The Zarrineh River, 302 km long, is one of the longest rivers of this province. Its banks offer great opportunities for recreation and the river's plentiful water renders itself ideal for water sports. This river runs northwards and ultimately pours into Lake Urmia. The Sirvan River is another prominent river in this province. It runs over a long distance, eventually to join the Tigris in Iraq. The banks of this river are remarkably attractive. The Simineh River is also an important river in this province. A large number of marine species and birds live on the banks of the province's numerous rivers which they seem to find ideal habitats.

Lake Zarivar is the most beautiful water-way of the province, which lies at the feet to high mountains, providing a delightfully picturesque sight. Its water is sparklingly fresh. The lake has a maximum depth of 50 m and an average depth of 3 m. It is surrounded by thick forests. The whole collection of the lake, the mountains and forests generates a fascinating panorama. This lake, which has a length of 5 km and a maximum which width of 1.7 km, lies to the west of Marivan. Lake Vahdat's dam, to the north of Sanandaj (Sinne), provides excellent opportunities for fishing and water-sports.

Kurdistan benefits from many resourceful mineral water springs. The most outstanding of these are: Govaz to the northwest of Kamyaran, Abetalkh close to Bijar and Baba Gorgor to the north of Qorveh.

Cave Kereftoo, close to Divandarreh, is a unique natural and at the same time archeological site. Inside the cave there are a number of ancient buildings known as the Temple of Heraclius, because the name of this Greek god is carved on the ceiling of one of the halls. Cave Shoovi, 267 m long, is another prominent cave, which lies near the city of Baneh.

Mount Charkhaln 3,330 m high, mount Chehelcheshmeh, 3,173 m, Mount Hossein Bak, 3,091 m, and Mount Masjede Mirza, 3,059 m, are the other large mountains of Kurdistan.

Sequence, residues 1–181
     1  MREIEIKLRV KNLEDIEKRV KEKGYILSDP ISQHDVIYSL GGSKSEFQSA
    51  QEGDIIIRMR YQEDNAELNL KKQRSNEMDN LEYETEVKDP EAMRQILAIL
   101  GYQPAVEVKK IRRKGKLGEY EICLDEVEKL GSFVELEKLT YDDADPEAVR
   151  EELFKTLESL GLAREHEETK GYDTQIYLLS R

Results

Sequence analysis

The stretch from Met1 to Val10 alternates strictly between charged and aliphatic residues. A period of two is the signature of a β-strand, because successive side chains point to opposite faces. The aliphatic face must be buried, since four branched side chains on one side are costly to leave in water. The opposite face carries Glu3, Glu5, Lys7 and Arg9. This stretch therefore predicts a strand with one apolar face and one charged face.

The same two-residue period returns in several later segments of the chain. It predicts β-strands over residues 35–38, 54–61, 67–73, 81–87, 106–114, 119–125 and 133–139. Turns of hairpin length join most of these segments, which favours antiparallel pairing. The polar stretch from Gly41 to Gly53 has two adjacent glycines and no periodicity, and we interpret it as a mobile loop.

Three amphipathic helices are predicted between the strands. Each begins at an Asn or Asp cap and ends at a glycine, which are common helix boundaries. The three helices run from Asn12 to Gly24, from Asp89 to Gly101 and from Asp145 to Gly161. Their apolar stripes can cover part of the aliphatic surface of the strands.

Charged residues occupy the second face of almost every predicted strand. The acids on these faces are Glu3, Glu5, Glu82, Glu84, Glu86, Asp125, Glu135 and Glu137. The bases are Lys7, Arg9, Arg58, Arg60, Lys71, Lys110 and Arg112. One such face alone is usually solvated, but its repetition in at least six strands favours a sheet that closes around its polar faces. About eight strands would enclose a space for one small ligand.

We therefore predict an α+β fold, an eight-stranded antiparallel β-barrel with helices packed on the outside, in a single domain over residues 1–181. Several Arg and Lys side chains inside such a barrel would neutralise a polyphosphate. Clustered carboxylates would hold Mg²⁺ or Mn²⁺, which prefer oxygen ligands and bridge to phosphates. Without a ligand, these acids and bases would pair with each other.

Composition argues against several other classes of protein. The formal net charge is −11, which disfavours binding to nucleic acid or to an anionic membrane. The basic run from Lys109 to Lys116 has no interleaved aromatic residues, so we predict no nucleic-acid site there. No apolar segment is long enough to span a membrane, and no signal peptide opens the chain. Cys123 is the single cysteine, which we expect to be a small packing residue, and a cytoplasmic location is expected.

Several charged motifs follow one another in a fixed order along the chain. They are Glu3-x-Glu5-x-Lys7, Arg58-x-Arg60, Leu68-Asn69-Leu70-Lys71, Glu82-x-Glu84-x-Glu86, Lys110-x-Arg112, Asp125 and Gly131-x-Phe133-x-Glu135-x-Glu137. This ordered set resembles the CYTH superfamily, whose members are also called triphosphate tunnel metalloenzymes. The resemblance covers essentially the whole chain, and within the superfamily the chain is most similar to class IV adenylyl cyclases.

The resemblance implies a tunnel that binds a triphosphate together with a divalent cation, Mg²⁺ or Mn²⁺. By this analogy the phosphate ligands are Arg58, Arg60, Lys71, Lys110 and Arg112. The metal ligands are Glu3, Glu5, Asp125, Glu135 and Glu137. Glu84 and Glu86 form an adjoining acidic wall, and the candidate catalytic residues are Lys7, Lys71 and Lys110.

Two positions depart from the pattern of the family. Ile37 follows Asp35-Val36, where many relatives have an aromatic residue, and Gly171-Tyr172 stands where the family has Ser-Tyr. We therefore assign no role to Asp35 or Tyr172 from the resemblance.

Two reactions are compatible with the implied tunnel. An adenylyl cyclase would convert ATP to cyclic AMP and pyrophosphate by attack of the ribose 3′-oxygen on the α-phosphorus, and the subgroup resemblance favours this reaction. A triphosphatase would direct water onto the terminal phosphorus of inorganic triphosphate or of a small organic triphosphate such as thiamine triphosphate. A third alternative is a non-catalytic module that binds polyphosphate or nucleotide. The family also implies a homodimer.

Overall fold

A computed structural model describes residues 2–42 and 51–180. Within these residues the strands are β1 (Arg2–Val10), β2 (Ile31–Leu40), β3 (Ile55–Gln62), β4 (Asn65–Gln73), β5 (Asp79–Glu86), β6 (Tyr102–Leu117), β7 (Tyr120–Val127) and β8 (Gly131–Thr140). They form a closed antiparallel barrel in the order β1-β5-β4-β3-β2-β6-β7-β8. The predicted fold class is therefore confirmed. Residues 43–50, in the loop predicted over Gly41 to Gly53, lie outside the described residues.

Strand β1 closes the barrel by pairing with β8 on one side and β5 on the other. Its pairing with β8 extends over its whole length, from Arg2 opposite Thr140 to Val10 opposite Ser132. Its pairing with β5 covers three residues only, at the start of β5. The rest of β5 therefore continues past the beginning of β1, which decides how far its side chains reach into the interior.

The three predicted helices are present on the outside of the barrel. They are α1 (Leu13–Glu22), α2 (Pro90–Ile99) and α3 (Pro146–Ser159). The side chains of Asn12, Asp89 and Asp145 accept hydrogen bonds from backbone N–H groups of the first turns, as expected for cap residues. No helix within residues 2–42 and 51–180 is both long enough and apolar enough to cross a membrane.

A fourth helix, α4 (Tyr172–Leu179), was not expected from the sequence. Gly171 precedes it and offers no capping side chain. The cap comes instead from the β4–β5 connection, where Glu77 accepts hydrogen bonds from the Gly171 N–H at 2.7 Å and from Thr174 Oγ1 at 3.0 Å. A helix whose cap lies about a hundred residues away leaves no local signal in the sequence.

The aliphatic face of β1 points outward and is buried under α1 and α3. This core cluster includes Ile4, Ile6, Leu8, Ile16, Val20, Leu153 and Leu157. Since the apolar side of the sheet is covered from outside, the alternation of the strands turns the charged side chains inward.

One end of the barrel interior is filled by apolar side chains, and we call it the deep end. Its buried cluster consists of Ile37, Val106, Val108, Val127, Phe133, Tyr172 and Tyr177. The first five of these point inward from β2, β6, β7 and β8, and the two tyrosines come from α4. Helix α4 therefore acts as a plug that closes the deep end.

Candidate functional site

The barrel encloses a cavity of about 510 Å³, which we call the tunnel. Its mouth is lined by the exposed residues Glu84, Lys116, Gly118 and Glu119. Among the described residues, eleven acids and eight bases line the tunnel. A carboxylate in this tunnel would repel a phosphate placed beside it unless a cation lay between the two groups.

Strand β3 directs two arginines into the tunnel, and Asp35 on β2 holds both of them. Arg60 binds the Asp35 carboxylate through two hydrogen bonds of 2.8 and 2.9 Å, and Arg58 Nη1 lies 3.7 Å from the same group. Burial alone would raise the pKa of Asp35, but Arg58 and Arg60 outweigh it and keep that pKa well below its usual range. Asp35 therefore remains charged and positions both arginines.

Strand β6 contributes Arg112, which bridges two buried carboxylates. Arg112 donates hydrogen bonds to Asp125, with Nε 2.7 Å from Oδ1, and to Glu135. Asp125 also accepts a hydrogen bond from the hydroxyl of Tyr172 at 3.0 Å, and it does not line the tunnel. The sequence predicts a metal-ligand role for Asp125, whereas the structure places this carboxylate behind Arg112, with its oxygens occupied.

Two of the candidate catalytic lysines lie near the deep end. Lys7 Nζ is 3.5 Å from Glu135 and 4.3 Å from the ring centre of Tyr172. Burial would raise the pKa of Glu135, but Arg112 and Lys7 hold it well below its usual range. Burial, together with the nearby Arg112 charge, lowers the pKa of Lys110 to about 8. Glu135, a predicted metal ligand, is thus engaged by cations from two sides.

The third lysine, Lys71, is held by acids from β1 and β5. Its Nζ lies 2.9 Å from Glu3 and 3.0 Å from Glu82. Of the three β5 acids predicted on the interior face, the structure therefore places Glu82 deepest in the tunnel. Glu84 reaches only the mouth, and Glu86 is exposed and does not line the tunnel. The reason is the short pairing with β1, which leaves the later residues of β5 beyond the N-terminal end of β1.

Kurdistan has vast forests and refuges, where many animals and birds live, safely from the harms of the human beings: the leopard, ram, wild goat, hyena, jackal, wolf, fox, sable, weasel and such birds as the partridge, wild duck, stork, parrot and eagle.

Climate

Kurdistan is one of the most mountainous(hilly) regions in Iran and has a generally mild and quite pleasant climate throughout the spring and summer. Winters are long and can be very cold with heavy snowfalls.

People and culture

The population of the province in 1996 was 1,346,383 of which 52.42% were urban dwellers and 47.58% rural dwellers. The sex ratio of the province is 104. The Kurdish people are the majority population in this province, and they speak Sorani-Kurdish which is a northwestern Iranian language. The region's historical name is Ardalan.

The Kurdish language is categorized under the Indo-European group of languages, with a distinctive grammatical form. This language has various branches in Iran, such as the Sorani, Hewrami, Feyli, Kalhuri and Kurmanji. Majority of the people in Kurdistan province speak variants of Sorani Kurdish, sometimes called as "Ardalani" dialect. Hewrami Kurdish is also spoken around Marivan, in a region called "Hewramanî Text"(The Flat Hawraman). In eastern parts of the province including Bijar and Qorveh, the majority are Shiite Kurds. There also exists an Azeri minority in the villages around Qorveh.[5][6]

Cities and towns

Kurdistan Province counties

Economy

The major activities of the inhabitants are agriculture and modern livestock farming. Wheat, barley, grains and fruits are the major agricultural products. The chemical, metal, textile, leather and food industries are the main industrial activities in this province.

Colleges and universities

Attractions

Iran's Cultural Heritage Organization lists 211 sites of historical and cultural significance in Kordestan province. Some, such as Hajar Khatoon Mosque in Sanandaj or Ghal'eh Kohneh in Bijar date back to the Sassanid era. For more info, see the provincial Cultural Heritage Organization website linked at the bottom of this page.

See also

References

  1. ^ [1] National Census 2006
  2. ^ Government of Kurdistan Province (Persian)
  3. ^ ghorveh Municipality website (Persian)
  4. ^ Payam Noor University of ghorveh (Persian)
  5. ^ "Kordestan." Encyclopædia Britannica. 2009. Encyclopædia Britannica Online. 5 Apr. 2009
  6. ^ Government of Kurdistan Province People and culture (English)

External links